FB I think it has been like a thunder-storm. It breaks, the rain pours – Obama was the downpour – and people feel relieved. I think a lot of artists have withdrawn into the intimacy of their own environment. The economic situation changed something, but I think that change was already in the air, before the crash made it so evident. You don’t find so much big production work now, for instance, and I would say here in New York there’s a ‘post-waterfall syndrome’ [referring to Olafur Eliasson’s New York City Waterfalls, 2008]: $15 million spent for three broken pipes that didn’t resemble a waterfall at all. That’s one reason why people aren’t interested in these kinds of enterprises.
DF In travelling around the US whilst researching the Biennial, were there any recurring themes or concerns that you noticed amongst artists?
FB There is something that I call ‘self-Modernism’; artists who experiment in order to try and invent a more intimate form of modernity. You see a lot of abstraction, a lot of minimal gestures, performance – a lot with the body. That’s the tendency, I feel. There’s not so much political art.
DF So, a turn inwards?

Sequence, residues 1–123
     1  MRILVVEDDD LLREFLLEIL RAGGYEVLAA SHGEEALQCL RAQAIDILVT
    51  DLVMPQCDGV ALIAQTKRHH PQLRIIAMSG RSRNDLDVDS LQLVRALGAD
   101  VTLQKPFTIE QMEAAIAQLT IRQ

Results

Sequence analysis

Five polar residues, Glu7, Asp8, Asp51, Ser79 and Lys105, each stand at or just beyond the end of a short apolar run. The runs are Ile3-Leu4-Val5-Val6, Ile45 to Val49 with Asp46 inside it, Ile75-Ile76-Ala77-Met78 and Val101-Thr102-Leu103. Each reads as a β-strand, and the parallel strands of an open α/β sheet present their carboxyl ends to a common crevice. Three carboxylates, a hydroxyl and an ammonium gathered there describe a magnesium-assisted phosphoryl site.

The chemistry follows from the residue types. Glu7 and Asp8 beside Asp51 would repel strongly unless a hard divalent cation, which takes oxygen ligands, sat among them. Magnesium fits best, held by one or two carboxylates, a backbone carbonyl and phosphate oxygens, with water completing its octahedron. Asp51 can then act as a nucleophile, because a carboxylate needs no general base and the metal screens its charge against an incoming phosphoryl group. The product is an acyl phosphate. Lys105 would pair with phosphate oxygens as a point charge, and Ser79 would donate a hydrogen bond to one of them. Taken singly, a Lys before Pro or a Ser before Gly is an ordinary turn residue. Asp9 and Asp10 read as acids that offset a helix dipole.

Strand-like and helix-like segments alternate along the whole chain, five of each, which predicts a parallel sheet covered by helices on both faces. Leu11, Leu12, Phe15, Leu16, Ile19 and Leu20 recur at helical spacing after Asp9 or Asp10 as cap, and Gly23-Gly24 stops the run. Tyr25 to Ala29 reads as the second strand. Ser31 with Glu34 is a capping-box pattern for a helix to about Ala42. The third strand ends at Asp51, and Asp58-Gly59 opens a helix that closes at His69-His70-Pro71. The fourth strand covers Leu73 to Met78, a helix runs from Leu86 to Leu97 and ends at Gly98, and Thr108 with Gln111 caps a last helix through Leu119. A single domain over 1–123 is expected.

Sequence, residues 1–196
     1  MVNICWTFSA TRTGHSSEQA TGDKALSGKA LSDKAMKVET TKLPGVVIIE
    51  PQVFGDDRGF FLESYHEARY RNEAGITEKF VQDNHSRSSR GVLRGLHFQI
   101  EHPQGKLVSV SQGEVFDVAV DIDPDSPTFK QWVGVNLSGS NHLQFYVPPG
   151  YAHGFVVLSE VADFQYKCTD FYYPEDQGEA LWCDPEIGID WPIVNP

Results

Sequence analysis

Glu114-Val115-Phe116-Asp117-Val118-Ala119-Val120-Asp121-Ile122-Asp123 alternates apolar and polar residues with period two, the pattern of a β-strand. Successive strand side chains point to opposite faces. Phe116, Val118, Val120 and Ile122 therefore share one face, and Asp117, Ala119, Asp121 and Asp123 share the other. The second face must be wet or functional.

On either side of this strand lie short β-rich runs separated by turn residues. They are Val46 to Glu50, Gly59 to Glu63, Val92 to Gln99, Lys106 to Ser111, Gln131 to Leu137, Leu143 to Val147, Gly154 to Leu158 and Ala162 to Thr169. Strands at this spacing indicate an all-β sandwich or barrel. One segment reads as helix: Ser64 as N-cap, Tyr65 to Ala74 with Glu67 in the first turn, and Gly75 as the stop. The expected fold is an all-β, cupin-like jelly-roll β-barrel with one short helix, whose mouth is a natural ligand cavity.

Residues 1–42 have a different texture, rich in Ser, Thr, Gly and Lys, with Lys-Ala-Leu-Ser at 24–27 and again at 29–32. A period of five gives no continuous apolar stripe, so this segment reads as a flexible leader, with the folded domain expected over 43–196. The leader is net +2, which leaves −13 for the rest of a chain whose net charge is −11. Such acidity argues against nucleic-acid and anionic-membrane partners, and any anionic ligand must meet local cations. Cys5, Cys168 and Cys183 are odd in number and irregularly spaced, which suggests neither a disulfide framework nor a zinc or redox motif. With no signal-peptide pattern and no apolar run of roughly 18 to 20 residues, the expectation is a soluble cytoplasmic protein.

FB Yes, looking within yourself and, in doing so, hoping to find a tool for making a bigger change outside, rather than using political activism.
DF Although at the time of going to press, the official list of artists to be included in the exhibition has still not been announced, how about the statistics? What’s the age range and gender balance like, for instance?
FB Artists in the Biennial will range from 23 to 75 years old, and I can tell you that for the first time in its history there will be more women than men. We didn’t do it on purpose.
DF Is the 2010 Biennial going to be bigger or smaller than in 2008?
FB Smaller – around 56 artists. The last one had 90 artists, the one before that had 102; I think this is going to be the second smallest edition in the history of the Biennial.
DF The 2008 Biennial expanded from the Whitney into the Drill Hall and historic rooms at the nearby Park Avenue Armory. Do you have any plans to take the Biennial off-site and beyond the museum’s walls?